Research Made Easy in Complementary and Alternative Medicine
Mark Kane Churchill Livingstone, 2004, Paperback, 215 pages, £12.99
(Reviewed by Mark Bovey, EJOM Vol. 4 No. 6)
This introductory research book is aimed at students and practitioners of complementary and alternative medicine (CAM), not just to give them an understanding of the subject but also as a guide to developing small practice-based research projects. The latter is the mission that grew out of Mark Kane’s experiences teaching CAM MSc students at Westminster University: What research is relevant to practitioners and how do you go about doing it? He is a qualified osteopath, naturopath and acupuncturist and has worked both independently and in the research-focused, integrated Marylebone Health Centre.
For me, the book came out at an opportune time, as I was preparing my lessons for a new undergraduate acupuncture course. Amidst the numbers of other basic research textbooks here was one geared specifically to CAM issues. At a stroke this provided me with a ready made framework for the course and filled various gaps in my own knowledge. It looked to be an ideal standard text for the students – a likelihood endorsed by George Lewith in his forward to the book. He uses the adjective ‘superb’ three times in one page and describes it as ‘an essential introduction to a research career’. It is indeed difficult to criticise.
The structure, both overall and within each chapter, is clear and well thought out. The writing is authoritative yet not ponderous. There is a light feel to the book – it is slim, comes in digestible chunks and is studded with examples, check boxes and cartoons. The references are relevant and up to date.
The book starts with a robust defence against the point of view ‘why should we (practitioners) bother with research at all?’. There follows three further introductory chapters: project design (from topic choice through to written proposal), how to search, use and critique the literature and ethical issues. Choice of topic and research question is firmly anchored to practitioner experience and needs – and thus to the stated aims of the book. The practical steps are well chosen and organised. Subsequent sections cover:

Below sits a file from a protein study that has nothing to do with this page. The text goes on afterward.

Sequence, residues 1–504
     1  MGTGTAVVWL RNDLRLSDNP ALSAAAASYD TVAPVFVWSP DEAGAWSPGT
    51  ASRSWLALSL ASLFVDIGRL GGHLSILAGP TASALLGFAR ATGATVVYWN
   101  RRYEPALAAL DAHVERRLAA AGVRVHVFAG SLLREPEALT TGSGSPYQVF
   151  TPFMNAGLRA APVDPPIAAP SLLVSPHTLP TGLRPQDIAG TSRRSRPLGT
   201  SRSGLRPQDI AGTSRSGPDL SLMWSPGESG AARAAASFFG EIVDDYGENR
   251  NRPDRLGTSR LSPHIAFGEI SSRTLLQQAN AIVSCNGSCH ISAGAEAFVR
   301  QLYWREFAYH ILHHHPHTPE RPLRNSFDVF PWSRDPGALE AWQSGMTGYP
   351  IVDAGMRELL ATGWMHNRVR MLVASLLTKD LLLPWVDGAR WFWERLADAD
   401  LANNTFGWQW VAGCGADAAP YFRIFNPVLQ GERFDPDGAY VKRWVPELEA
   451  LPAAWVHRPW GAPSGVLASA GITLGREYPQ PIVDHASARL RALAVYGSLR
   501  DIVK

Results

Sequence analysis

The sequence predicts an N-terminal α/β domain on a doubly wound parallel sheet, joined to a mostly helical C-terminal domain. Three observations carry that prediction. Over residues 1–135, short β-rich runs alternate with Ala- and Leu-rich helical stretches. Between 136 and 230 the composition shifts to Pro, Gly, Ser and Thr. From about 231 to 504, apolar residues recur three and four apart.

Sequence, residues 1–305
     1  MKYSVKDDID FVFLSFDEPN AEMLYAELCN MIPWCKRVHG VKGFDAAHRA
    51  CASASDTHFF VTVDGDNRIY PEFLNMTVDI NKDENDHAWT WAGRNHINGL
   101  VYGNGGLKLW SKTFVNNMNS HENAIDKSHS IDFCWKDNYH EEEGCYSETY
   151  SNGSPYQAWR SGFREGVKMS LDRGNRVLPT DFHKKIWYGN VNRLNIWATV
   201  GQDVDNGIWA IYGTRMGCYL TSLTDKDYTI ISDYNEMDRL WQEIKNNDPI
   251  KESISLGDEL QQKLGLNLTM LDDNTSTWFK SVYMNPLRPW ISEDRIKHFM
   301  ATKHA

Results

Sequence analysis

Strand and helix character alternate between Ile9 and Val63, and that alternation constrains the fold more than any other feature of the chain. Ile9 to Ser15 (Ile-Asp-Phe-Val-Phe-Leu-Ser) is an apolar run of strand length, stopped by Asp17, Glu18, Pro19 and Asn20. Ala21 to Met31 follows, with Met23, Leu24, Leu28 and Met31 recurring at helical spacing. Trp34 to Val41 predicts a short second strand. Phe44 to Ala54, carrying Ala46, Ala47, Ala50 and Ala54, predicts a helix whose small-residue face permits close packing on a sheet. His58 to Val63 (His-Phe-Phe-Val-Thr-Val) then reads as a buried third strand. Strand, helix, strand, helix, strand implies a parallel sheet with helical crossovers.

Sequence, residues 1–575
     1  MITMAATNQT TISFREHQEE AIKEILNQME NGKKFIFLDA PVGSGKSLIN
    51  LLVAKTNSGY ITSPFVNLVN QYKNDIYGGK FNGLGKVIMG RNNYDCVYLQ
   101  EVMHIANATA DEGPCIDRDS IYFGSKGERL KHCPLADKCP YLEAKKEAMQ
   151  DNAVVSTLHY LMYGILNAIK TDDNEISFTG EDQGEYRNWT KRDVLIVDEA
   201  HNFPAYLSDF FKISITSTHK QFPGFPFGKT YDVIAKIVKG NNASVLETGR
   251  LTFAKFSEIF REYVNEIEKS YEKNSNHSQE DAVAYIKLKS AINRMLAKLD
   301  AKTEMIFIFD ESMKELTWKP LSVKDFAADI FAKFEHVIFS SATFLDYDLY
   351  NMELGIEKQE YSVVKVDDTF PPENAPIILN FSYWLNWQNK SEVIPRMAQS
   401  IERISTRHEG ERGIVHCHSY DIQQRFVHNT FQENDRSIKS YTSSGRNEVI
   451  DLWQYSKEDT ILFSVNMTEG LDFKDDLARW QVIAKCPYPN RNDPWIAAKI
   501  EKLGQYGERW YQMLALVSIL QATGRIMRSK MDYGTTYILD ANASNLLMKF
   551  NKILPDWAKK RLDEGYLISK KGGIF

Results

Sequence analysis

• strategies, i.e. what sort of research, using which general methodologies (6 chapters) • data collection methods (4) • analysis and presentation (3) • writing up (1).
My first moment of reflection came in the ethics chapter, where the author advises that all researchers should seek to have their proposed projects evaluated by a research ethics committee. On the one hand this is sensible and helps safeguard against both lousy research and harm to its subjects. On the other hand there is plenty of research that does not need ethical scrutiny, or needs it at a lower level than the usual ethics committee. Outside of universities and the NHS there is little provision and it may be too daunting a hurdle for many practitioner-researchers. It would be nice to have seen a list of suggestions/examples for types of studies that would require no or only low-level ethical clearance. For undergraduate student dissertations, with no access to clinical data of their own, the ethical restrictions are even greater.